Evolutionary biologists believe life arose on Earth as simple cells roughly 3.5 billion years ago, about a billion years after the planet is thought to have formed. Scientists have speculated the first life may have evolved in shallow tide pools, freshwater ponds, freshwater or deep-sea hydrothermal vents, or even arrived on objects from space.

A cover article by Wolf and Professor Brian Toon on the topic appears in the July issue of Astrobiology. The study was funded by two NASA grants and by the National Science Foundation, which supports CU-Boulder's Janus supercomputer used for the study.

Scientists have been trying to solve the faint young sun paradox since 1972, when Cornell University scientist Carl Sagan—Toon's doctoral adviser at the time—and colleague George Mullen broached the subject. Since then there have been many studies using 1-D climate models to try to solve the faint young sun paradox—with results ranging from a hot, tropical Earth to a "snowball Earth" with runaway glaciation—none of which have conclusively resolved the problem.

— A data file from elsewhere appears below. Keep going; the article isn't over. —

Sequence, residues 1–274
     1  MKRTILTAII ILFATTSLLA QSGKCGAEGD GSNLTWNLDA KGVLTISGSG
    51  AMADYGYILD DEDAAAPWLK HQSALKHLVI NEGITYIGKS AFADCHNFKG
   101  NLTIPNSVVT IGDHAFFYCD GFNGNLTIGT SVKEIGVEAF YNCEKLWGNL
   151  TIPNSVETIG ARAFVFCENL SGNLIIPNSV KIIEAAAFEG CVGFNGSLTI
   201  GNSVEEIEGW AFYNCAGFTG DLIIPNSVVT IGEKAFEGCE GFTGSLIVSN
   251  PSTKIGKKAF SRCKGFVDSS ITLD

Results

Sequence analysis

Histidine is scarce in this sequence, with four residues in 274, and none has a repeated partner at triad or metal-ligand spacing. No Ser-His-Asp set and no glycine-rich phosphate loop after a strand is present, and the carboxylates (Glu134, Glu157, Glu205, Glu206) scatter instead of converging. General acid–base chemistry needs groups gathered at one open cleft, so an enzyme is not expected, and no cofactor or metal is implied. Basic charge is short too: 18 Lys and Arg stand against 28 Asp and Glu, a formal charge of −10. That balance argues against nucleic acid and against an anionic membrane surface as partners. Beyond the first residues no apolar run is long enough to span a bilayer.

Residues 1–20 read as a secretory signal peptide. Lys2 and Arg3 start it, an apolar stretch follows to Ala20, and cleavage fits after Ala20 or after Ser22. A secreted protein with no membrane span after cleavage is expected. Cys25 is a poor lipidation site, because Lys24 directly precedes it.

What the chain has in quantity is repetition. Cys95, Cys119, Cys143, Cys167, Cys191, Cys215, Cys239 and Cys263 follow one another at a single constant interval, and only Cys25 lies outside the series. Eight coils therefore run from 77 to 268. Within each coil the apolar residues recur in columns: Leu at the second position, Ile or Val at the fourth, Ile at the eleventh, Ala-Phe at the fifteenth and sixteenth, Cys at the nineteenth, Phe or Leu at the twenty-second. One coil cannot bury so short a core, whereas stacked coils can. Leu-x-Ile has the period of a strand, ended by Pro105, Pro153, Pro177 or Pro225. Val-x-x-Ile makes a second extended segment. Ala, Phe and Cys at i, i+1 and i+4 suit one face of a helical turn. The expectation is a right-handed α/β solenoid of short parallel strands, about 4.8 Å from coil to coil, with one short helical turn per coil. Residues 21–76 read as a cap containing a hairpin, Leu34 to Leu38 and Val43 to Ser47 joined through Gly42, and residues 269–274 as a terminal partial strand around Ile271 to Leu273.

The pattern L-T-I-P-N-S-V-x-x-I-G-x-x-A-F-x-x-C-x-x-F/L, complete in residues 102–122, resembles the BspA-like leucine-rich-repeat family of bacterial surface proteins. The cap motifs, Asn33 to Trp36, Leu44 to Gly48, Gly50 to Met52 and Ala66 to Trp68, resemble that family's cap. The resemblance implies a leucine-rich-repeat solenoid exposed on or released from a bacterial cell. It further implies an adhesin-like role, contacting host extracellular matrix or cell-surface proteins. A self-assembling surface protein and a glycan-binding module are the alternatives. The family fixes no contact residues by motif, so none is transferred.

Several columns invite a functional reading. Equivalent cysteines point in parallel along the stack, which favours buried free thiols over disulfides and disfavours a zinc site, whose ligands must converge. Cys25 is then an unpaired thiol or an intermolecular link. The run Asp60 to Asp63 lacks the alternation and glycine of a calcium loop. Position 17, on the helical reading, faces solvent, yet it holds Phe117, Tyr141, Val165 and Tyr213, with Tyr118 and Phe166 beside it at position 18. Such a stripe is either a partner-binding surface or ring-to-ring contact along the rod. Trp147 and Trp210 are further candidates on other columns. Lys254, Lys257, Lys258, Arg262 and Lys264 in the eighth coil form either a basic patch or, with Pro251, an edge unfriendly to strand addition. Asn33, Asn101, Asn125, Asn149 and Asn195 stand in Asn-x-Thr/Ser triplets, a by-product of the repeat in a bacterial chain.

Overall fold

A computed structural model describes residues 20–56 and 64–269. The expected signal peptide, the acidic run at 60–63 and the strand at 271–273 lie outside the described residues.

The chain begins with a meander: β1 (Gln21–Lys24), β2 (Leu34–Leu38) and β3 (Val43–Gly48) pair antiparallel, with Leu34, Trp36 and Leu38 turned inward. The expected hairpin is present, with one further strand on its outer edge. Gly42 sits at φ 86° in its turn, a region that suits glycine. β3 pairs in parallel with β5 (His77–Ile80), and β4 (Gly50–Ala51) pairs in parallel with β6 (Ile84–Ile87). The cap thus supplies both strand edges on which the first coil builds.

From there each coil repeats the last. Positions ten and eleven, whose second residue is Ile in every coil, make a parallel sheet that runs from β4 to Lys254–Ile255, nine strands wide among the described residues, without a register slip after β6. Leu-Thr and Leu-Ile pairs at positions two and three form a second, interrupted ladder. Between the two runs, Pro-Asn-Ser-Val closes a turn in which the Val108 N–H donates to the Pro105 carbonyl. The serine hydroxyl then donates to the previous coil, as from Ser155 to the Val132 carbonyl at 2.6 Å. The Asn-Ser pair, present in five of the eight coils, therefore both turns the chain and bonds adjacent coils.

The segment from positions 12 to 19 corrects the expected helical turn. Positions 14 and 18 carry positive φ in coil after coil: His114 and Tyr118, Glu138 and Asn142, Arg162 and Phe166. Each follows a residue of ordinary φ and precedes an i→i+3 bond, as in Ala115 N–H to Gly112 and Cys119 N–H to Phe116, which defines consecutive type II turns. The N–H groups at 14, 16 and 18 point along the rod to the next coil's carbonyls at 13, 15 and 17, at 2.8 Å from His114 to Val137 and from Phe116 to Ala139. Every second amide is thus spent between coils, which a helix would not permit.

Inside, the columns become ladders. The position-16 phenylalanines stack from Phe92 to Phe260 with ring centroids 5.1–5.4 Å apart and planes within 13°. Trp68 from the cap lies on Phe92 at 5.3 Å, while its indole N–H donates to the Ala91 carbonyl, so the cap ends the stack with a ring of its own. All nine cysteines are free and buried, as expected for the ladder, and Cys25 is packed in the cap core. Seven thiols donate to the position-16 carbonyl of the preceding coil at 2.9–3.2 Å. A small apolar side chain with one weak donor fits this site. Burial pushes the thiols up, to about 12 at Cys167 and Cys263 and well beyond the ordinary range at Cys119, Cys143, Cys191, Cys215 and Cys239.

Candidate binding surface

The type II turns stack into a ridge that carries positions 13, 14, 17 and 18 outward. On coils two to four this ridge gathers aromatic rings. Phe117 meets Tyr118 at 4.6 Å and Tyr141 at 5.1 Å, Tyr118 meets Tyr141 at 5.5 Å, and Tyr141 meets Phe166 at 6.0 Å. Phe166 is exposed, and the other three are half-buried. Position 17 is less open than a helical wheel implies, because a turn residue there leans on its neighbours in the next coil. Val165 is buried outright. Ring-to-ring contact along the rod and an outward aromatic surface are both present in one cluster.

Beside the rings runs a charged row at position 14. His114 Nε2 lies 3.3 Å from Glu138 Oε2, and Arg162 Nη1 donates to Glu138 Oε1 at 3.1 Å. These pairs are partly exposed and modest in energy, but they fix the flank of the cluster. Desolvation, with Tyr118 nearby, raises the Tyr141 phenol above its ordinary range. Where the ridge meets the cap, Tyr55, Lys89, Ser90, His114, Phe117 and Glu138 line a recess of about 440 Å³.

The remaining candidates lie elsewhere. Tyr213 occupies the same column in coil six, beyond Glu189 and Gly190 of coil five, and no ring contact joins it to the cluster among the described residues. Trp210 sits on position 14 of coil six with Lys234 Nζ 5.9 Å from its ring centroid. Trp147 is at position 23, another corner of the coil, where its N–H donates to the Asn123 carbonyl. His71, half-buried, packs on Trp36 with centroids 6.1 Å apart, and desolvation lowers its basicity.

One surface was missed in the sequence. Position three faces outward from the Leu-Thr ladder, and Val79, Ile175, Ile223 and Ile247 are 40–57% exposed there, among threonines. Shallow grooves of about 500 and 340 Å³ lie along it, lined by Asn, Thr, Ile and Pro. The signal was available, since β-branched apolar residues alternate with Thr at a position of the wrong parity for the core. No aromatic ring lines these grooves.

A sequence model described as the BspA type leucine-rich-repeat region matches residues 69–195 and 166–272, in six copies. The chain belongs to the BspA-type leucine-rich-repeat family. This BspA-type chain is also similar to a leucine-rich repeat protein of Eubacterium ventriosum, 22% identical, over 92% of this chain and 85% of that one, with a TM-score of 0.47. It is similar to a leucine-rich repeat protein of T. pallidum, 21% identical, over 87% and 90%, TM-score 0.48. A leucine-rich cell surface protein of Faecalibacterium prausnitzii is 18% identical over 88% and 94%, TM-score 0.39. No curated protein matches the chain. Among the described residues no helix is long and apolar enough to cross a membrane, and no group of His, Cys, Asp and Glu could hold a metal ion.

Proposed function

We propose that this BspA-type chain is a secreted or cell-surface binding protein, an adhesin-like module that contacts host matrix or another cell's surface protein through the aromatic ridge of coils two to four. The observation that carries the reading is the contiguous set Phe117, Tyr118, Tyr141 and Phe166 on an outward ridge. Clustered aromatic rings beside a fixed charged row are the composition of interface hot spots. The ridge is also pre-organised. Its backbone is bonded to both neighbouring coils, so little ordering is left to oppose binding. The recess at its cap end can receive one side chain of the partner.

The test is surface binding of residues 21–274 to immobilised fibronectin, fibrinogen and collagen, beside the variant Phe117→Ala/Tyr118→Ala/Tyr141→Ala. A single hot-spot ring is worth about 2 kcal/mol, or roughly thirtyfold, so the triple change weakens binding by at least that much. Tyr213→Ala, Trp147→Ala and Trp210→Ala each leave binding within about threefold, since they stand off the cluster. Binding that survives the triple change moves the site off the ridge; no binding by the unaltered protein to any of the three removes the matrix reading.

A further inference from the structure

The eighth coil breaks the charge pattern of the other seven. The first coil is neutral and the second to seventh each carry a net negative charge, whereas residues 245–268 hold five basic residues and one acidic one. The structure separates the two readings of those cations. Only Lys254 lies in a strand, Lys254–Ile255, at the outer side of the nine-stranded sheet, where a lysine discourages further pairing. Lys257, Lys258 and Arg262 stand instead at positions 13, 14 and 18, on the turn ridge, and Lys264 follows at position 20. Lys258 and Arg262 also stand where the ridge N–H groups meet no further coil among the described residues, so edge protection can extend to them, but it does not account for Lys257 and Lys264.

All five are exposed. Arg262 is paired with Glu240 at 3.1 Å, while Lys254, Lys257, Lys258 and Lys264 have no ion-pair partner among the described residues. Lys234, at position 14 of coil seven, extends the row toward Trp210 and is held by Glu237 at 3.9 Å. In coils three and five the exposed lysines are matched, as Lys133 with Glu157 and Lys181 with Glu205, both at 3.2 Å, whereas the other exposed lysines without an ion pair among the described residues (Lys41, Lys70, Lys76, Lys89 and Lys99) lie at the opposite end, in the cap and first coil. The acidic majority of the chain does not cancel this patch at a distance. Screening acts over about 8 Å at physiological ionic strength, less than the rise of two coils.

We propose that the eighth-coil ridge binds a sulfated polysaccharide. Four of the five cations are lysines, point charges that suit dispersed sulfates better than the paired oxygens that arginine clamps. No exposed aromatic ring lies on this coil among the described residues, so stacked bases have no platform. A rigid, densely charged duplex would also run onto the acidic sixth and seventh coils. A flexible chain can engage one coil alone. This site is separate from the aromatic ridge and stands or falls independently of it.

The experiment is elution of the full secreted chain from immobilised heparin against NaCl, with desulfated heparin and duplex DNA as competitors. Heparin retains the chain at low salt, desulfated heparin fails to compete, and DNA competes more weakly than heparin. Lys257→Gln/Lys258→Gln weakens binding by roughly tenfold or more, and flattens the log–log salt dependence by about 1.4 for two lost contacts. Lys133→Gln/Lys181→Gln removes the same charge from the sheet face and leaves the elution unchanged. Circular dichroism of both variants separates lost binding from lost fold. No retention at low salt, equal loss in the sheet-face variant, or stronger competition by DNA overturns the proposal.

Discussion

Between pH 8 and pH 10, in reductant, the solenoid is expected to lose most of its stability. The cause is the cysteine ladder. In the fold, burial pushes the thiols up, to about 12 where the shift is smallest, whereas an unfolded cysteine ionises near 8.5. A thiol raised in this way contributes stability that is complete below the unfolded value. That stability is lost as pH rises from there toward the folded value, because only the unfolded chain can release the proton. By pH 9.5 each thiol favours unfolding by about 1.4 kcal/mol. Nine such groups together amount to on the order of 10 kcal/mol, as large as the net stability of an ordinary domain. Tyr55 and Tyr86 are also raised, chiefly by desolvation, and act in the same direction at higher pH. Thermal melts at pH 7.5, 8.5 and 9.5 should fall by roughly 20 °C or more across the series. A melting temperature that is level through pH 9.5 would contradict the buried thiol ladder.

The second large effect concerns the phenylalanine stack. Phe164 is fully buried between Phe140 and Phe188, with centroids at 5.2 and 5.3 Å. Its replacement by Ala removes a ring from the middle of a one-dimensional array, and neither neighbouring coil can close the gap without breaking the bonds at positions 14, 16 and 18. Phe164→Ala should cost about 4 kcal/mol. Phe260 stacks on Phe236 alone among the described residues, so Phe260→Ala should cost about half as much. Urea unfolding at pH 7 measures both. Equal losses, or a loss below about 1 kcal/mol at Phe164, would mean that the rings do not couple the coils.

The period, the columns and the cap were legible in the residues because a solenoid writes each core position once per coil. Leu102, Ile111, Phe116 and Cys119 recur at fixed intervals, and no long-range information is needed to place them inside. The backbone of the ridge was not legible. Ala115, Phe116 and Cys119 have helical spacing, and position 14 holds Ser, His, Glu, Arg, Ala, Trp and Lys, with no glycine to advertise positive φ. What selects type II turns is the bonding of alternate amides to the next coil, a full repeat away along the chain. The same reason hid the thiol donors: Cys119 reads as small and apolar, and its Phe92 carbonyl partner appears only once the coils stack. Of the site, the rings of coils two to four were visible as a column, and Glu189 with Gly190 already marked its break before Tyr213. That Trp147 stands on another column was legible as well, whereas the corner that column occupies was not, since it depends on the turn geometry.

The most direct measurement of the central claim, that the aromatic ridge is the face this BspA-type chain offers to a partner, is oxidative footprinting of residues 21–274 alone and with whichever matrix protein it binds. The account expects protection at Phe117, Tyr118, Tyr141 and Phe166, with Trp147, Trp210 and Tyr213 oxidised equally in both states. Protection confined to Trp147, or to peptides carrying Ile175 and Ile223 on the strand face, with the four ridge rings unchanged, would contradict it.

"In our opinion, the one-dimensional models of early Earth created by scientists to solve this paradox are too simple—they are essentially taking the early Earth and reducing it to a single column atmospheric profile," said Toon. "One-dimensional models are simply too crude to give an accurate picture."

Wolf and Toon used a general circulation model known as the Community Atmospheric Model version 3.0 developed by the National Center for Atmospheric Research in Boulder and which contains 3-D atmosphere, ocean, land, cloud and sea ice components. The two researchers also "tuned up" the model with a sophisticated radiative transfer component that allowed for the absorption, emission and scattering of solar energy and an accurate calculation of the greenhouse effect for the unusual atmosphere of early Earth, where there was no oxygen and no ozone, but lots of CO2 and possibly methane.